IPPR says government failure on sustainable farming undermines UK’s food security

A NEW report from the Institute for Public Policy Research (IPPR) says that “the government’s failure to meaningfully address the climate and nature crises and support farmers risks the UK being unable to produce enough of its own food.”

The report says that “climate and nature crises are having a direct impact on farmers and food production in the UK. Livestock are increasingly exposed to heat stress, growing seasons are changing, pests and diseases are living longer in warmer winters, droughts are impacting crop growth and flooding is affecting soil runoff, erosion, and harvesting.”

Lesley Rankin, co-author of the report and researcher at IPPR, said “The climate and nature crisis poses one of the greatest risks to the UK’s domestic food production, and the UK government has consistently failed to treat this threat with the urgency it deserves.

“If we are serious about ensuring food security and leaving our environment in a better state than we found it for generations to come, it is crucial we act immediately and involve farmers and communities every step of the way.

“The evidence is crystal clear: protecting our planet, boosting farmers’ livelihoods and food security go hand-in-hand. Now it’s on the government to act to put us on a path that provides a better life for us all.”

IPPR reports that trade deals struck since Brexit are undercutting British farmers and climate goals while effectively exporting the UK’s carbon and ecological footprint elsewhere in the world. At the same time, the UK’s food system is too wasteful and skewed towards environmentally damaging highly processed food. IPPR also noted that food poverty is an increasing problem in the UK with lower-income households disproportionately affected by food price rises and less able to afford a good diet.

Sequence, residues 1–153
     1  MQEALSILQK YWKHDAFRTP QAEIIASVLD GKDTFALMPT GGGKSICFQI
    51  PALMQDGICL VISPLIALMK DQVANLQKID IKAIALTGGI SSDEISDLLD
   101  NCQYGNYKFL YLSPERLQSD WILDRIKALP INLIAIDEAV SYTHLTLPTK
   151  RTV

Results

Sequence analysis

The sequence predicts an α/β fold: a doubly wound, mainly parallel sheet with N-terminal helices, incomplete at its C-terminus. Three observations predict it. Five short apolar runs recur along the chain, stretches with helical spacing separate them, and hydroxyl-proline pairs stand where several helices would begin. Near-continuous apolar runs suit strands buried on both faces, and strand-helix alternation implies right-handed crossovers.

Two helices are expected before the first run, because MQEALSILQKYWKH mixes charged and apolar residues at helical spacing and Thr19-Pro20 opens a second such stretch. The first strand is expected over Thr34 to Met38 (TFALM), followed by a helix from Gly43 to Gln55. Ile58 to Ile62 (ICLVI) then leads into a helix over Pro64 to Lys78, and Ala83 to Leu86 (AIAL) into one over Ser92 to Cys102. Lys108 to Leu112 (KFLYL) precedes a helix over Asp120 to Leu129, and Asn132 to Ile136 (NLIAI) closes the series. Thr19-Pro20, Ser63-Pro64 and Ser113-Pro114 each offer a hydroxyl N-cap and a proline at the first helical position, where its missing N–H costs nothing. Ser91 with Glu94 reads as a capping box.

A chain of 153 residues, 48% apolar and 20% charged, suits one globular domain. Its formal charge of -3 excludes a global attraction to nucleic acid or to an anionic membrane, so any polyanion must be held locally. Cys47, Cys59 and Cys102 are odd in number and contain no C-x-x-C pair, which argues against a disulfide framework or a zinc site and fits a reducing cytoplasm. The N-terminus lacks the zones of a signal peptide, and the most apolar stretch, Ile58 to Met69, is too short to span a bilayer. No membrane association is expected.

“The use of land in the UK needs to change,” says the report “but responsibility for the transition to climate and nature-friendly farming cannot be left to farmers alone. They are already grappling with a system that does not fairly reward them for their produce.”

The report calls for a long-term vision for the future of land and agriculture, which must reflect the views of those who work in farming as well as consumers. In this vein, its findings are informed by several community panels – convened by IPPR in Somerset, Cumbria and Kent – on how to tackle the climate and nature crises in way that is fair to farmers, farm workers and the public.

The panels called for the government to take a greater leadership role within the food system, including by providing a long-term funding settlement to support the changes needed. They also urged greater promotion of local food, and steps to cut out unnecessary transport, processing and packaging.

The report says a “significant shift” is needed to ensure the UK’s food security, with “robust intervention” by the government, including to support farmers in the transition. It urges a comprehensive industrial strategy for food and farming to ensure the UK’s food security and also meet net zero targets.

The IPPR says that this should involve:

  • Providing £2.4 billion a year for the next decade for farm support in England to help farmers deliver better carbon and wildlife outcomes.
  • Strengthening trade deals so that food imports are produced to the same standards as domestic produce – including environmental safeguards, animal welfare and food safety standards, and workers’ rights.
  • Creating food partnerships in local areas to increase the market for nutritious, nature and climate-friendly food.
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